You’re gonna rise from the pain, like a hurricane."


This song was principally written by two lovely ladies, Jessi Alexander and Sarah Buxton (both pictured).  To be sure, the song is metaphorically about celebration of the never-give-up spirit.  But it just as well romanticizes the concept of the man who gets in the ring to fight another man, and the fortitude to fight the other guy to the last.  These ladies could have chosen other examples through which to celebrate the indomitable spirit they wished to convey, but instead, their choice was a man who is a prizefighter.  Even if it is just in the subconscious realm, women still greatly admire the man who fights in the ring, endures the pain, and faces down his enemy.  The "knight in shining armor" remains a viable and understood concept in the minds of women today, even though that expression harkens back to a much more violent time, some 400 or more years ago.

And what was society's response to this song?  It reached as high as number 33 on the Billboard 200, peaked at 42 on the Billboard Country Airplay chart and gave Ms. Yearwood the number 7 country album in the nation, in terms of sales, for the last 3 weeks.  In other words, the American society generally approved of this feminine glorification of the man who is a prizefighter.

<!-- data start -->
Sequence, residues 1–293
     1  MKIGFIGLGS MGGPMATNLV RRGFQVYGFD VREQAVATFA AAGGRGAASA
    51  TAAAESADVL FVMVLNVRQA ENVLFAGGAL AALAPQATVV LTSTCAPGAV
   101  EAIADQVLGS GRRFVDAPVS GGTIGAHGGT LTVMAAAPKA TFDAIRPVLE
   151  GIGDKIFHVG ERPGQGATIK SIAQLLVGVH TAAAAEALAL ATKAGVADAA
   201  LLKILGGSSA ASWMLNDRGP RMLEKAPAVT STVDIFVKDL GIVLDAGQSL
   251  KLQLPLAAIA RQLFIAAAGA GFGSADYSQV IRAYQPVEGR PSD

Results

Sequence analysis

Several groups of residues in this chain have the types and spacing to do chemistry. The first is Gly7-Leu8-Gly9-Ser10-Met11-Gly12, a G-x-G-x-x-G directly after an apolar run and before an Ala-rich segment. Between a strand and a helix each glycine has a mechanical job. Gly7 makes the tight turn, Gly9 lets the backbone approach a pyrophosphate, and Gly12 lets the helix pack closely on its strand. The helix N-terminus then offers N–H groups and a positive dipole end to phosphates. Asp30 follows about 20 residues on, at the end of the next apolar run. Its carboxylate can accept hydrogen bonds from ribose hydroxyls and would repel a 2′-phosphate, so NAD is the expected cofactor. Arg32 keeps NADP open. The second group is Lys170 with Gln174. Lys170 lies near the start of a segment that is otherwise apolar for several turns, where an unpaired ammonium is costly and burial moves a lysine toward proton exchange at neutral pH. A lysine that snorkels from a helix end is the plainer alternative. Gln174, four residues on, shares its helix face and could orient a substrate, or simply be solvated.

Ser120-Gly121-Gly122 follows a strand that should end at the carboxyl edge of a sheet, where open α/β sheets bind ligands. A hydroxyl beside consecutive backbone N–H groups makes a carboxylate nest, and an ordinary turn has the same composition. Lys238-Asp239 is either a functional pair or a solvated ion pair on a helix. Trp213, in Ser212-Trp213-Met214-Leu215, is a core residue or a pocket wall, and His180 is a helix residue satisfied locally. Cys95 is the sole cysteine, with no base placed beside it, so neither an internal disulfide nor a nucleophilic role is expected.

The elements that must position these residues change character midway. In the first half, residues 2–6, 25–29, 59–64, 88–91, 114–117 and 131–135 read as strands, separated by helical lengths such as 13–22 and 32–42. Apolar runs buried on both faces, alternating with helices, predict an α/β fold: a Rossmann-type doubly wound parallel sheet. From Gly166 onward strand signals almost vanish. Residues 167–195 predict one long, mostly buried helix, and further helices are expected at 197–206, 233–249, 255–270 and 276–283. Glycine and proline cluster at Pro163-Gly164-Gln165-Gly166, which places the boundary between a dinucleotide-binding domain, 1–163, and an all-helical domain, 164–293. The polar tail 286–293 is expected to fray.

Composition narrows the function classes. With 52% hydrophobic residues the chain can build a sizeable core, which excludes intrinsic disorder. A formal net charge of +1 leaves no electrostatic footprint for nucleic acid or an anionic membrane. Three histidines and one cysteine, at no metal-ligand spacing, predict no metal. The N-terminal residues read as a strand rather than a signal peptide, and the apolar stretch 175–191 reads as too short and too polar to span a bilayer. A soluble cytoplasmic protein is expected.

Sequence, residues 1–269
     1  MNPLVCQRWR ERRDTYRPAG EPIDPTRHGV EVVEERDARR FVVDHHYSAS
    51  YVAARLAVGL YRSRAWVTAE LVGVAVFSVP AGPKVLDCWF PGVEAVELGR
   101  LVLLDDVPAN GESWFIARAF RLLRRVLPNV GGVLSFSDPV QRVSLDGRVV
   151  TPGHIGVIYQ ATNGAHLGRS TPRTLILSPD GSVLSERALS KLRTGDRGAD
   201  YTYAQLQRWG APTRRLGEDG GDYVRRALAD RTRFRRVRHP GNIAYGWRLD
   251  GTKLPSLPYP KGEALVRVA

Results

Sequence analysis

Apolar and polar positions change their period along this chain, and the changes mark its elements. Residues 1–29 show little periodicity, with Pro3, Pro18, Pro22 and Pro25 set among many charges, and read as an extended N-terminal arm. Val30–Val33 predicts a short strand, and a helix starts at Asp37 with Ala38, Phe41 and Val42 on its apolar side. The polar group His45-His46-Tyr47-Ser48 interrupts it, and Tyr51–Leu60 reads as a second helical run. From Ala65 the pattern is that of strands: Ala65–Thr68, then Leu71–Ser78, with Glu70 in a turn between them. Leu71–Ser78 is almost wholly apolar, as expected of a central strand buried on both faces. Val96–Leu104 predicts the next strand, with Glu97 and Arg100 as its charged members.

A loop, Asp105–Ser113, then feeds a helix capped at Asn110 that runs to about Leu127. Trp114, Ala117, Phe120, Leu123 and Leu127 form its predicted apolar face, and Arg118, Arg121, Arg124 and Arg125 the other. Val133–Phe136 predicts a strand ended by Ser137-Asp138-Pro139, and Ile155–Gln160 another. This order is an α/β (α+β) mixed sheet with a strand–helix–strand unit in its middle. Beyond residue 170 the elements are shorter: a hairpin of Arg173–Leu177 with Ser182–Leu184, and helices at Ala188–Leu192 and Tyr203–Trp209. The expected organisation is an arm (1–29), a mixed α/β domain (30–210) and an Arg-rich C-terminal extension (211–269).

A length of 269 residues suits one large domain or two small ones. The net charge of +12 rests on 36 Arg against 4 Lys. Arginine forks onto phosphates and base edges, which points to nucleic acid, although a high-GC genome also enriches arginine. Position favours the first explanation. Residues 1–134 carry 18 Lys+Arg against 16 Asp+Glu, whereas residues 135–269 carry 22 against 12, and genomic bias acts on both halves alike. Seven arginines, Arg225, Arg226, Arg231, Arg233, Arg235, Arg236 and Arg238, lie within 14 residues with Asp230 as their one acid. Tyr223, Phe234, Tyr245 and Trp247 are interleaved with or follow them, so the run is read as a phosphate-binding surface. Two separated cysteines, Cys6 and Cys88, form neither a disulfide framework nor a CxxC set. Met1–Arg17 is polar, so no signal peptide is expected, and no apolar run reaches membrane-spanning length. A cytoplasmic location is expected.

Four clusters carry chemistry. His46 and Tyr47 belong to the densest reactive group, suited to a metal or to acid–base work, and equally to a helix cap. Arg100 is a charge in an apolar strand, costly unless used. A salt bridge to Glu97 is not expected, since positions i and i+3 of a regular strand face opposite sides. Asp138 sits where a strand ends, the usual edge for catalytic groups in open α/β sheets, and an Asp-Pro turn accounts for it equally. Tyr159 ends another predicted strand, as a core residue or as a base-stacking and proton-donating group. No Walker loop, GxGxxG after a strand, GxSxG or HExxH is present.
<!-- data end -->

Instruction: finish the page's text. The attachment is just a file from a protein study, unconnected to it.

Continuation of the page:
According to demographics provided by audience studies, about 35% of all fans of MMA fighting are women.  More than 15% of the fans of boxing, wrestling and hockey are women, as well.  Women make up an astounding percentage of the fan bases for some very violent movies, like Gladiator, 300, Fight Club and Never Back Down, as well as a majority of the audiences for Starz' most gruesome series, Spartacus, and HBO's Game of Thrones.  Untold thousands of women have "liked" extremely violent material on Facebook, including Felony Fights, Bloody Street Fights, The Craziest Fights, etc.  

Certainly, there is a great deal of difference between seeing men fight in real life and watching similar violent activities on TV, a computer monitor or a movie screen.  But those are all inventions of the last 75 years.  Seeing violence from this distant vantage point sanitizes the affair of any real world consequences, making it more "safe" for women to watch.  Before that, many romantic novels consisted of stories where men were brought into conflict over the love of the main female character. And before that, well, you just had to see or hear about a real life fight in order to get your fix.  Given the history of mankind, there was often plenty of violence for them to watch or hear about.